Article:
When I was sent over to their website, I replied that I had never heard of Novare Science before but that I was incredibly impressed with what I was seeing there. I particularly loved reading their Textbook Philosophy, and found myself agreeing with most of what they had to say. The bit about Integration -- particularly the integration of history and philosophy -- is something that I knew would appeal to my then high school junior. He struggles with science, and I was wishing I had seen these products earlier.
That was a bit awkward, as I had just told him I had never seen his products.
I hadn't seen the website, nor seen their philosophy and all. But I had read about Physical Science, Earth Science, and General Chemistry in The Classical Teacher from Memoria Press. I wanted to try them all out.
The Crew had the opportunity to review either Earth Science, Introductory Physics, General Chemistry, or Science for Every Teacher. I started using Earth Science with my 5th and 7th graders, and plan to use Introductory Physics with my 10th and 12th graders in the fall. Most of these books are written by John Mays, but Kevin Nelstead is the author of Earth Science.
Let's talk a bit about their suggested science sequence. In general, they recommend:
- 6th: something for Life Science
- 7th: Physical Science
- 8th: Earth Science
- 9th: Introductory Physics
- 10th: something for General Biology (they are working on a textbook for this)
- 11th: General Chemistry
- 12th: something for Anatomy and Physiology
Of course, my kids are all going to be working out of this order, but I still love it. Trina and Richard are using Earth Science now, and they have had some Life Science work. I plan for Richard to start the high school sequence as a ninth grader, without doing Physical Science. Trina will go on to do Physical Science, then Life Science, and then do the high school sequence.
So after all that, maybe I ought to actually talk about the course itself.
The Resource CD includes a lot of helps for teaching this in the home or classroom. The best part is a schedule. I love having a schedule. It schedules out 4 or 5 day weeks, for a total of 33 weeks. There are a total of 153 days of lessons.
Another piece I love is a pdf of sample answers. Even when I am working on the materials with my kids, sometimes it is really nice to have a nicely formatted answer to the discussion questions.
The CD also includes quizzes, exams, images, weekly review guides, and resources for the experiments.
The Resource CD is indispensable.
How we are using this:Essentially, we are following the schedule, but we are not accomplishing a week's worth of work each week. There are too many other things going on in the summer, so when I can work on it, we just do the next day of work. Because of the integration of subjects like philosophy, I really do want to do this course with my kids, so I am reading the text aloud. I get my computer hooked up to the TV, and I am able to put the images up on the big screen as we go along.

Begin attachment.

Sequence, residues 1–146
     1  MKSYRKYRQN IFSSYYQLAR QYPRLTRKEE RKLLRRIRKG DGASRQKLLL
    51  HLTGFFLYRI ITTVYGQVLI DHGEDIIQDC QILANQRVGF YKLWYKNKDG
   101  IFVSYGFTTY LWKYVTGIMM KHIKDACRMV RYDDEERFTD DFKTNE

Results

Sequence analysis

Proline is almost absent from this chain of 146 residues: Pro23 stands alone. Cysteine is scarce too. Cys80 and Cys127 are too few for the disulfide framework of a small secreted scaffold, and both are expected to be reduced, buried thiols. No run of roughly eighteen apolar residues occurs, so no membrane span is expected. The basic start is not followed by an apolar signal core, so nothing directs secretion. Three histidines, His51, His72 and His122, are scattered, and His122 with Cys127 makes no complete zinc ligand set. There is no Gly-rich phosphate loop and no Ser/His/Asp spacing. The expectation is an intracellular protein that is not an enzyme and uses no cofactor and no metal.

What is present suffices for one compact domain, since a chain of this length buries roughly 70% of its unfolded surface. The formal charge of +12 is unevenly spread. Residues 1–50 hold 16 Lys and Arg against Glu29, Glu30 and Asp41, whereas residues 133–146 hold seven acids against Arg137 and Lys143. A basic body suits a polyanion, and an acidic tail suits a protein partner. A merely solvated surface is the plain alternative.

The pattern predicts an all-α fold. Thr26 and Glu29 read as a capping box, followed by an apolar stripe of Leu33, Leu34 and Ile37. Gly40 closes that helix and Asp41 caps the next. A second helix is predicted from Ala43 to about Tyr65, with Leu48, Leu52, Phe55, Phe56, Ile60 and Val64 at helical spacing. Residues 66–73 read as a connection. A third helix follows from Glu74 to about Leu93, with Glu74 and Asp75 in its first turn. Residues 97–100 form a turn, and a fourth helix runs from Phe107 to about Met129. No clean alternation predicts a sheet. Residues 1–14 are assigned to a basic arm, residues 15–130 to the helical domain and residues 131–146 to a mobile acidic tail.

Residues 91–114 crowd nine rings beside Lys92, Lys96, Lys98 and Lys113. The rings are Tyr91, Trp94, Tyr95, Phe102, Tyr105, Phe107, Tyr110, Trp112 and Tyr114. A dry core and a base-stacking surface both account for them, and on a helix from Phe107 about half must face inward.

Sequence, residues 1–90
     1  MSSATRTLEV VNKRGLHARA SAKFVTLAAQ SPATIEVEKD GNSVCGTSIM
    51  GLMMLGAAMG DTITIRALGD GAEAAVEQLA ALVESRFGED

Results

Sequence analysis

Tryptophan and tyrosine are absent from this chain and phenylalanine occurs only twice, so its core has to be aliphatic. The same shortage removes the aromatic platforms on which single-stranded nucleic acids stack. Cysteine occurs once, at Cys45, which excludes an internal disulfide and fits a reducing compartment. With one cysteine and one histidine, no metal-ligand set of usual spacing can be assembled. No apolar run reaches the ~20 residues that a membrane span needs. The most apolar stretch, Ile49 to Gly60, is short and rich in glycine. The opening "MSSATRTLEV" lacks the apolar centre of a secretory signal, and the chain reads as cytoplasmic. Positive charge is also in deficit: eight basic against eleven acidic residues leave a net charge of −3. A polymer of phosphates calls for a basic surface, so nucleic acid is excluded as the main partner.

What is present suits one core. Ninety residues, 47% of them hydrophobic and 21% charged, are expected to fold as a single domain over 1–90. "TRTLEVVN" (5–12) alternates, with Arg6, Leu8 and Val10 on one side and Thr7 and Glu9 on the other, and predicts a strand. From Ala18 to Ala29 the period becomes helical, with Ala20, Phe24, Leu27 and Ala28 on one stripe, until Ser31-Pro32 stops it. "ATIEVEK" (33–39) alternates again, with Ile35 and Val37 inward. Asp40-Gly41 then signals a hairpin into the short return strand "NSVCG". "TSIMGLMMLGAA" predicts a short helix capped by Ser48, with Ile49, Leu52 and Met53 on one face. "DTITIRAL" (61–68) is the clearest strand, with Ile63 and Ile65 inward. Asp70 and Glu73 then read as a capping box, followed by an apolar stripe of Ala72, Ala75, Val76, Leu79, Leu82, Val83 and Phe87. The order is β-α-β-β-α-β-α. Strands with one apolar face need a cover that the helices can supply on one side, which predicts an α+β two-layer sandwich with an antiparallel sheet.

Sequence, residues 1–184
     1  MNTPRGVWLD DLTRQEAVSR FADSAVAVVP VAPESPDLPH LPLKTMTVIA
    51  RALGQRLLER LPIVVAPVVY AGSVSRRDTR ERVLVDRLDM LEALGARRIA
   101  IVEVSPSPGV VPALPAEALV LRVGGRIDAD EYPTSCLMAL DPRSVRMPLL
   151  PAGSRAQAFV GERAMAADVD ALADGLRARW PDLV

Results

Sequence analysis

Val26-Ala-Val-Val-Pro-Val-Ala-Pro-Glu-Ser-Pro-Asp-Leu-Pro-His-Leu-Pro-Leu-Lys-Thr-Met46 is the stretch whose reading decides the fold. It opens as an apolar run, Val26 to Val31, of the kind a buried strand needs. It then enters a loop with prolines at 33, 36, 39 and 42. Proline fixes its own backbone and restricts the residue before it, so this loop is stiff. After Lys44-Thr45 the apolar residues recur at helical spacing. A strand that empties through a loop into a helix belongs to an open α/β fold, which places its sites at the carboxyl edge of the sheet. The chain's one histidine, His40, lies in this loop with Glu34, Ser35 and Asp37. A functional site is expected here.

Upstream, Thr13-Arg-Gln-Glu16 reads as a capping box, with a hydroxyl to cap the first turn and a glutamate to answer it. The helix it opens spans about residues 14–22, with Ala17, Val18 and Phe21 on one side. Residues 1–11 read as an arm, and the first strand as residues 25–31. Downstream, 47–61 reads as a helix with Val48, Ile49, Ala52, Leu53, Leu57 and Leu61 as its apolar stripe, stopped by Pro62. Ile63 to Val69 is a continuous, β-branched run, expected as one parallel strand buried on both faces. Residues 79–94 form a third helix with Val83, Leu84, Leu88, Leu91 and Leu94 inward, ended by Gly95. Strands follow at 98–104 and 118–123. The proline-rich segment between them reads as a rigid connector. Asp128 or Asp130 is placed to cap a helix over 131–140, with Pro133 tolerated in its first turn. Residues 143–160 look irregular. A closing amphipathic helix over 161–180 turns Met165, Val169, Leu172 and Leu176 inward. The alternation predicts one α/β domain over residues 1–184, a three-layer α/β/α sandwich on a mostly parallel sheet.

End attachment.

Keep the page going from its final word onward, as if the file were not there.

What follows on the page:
We started by discussing the objectives and vocabulary at the start of the chapter, but I have to confess that my kids tend to find that overwhelming. So now I am looking ahead at the reading for the day and starting each reading day by covering the objectives for that day. After the reading, I go back over the vocabulary terms that we covered.
This works a lot better.
At the end of the chapter, I go back and read all of the objectives.
As we cover vocabulary, the kids are responsible for creating vocabulary cards. Some chapters have a lot of vocabulary. This is not their favorite part of the program.
Each chapter contains great illustrations and photos. The text is pretty easy to read, and has not been over their heads yet.
This is a good place to mention that Novare comes from a distinctly Christian point of view, but they do not support the idea of a young earth. As I think it is hugely important for my kids to encounter multiple points of view, I think this is a huge benefit of this program. There are so many young-earth resources available out on the Christian Homeschooling market, and with only 153 days of lessons (and some short days as well) it is easy to supplement if I decide to bring some young-earth alternatives into the teaching.
They do not get into evolution at all, which I appreciate.
At the end of the chapter, there are exercises to perform. These are scheduled into the class time, not as homework.
There are also eight experiments, which is roughly one for every two chapters. It doesn't work that way, exactly, but the hands-on aspect is really great. Some of these experiments require rock samples, which can get expensive, but many are using topographical maps (provided). A couple use supplies that are fairly easy to obtain.
My bottom line is that I really love this book. They present scientific information in a systematic way that doesn't intimidate me and doesn't bore my children. This course is thorough, without going into excessive detail that really is unnecessary.
My kids like that the lessons are fairly short and that they bring in interesting aspects of other subjects that make it more interesting. My son loves the lack of worksheets. He also really wants to get to the meteorology portions of the book, as he thinks that studying weather is a good idea for when he becomes a pilot.
We are going to continue to use materials from Novare Science & Math.
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Now you have me thinking about buying this one for Alaina. Amber really likes the Introductory Physics.
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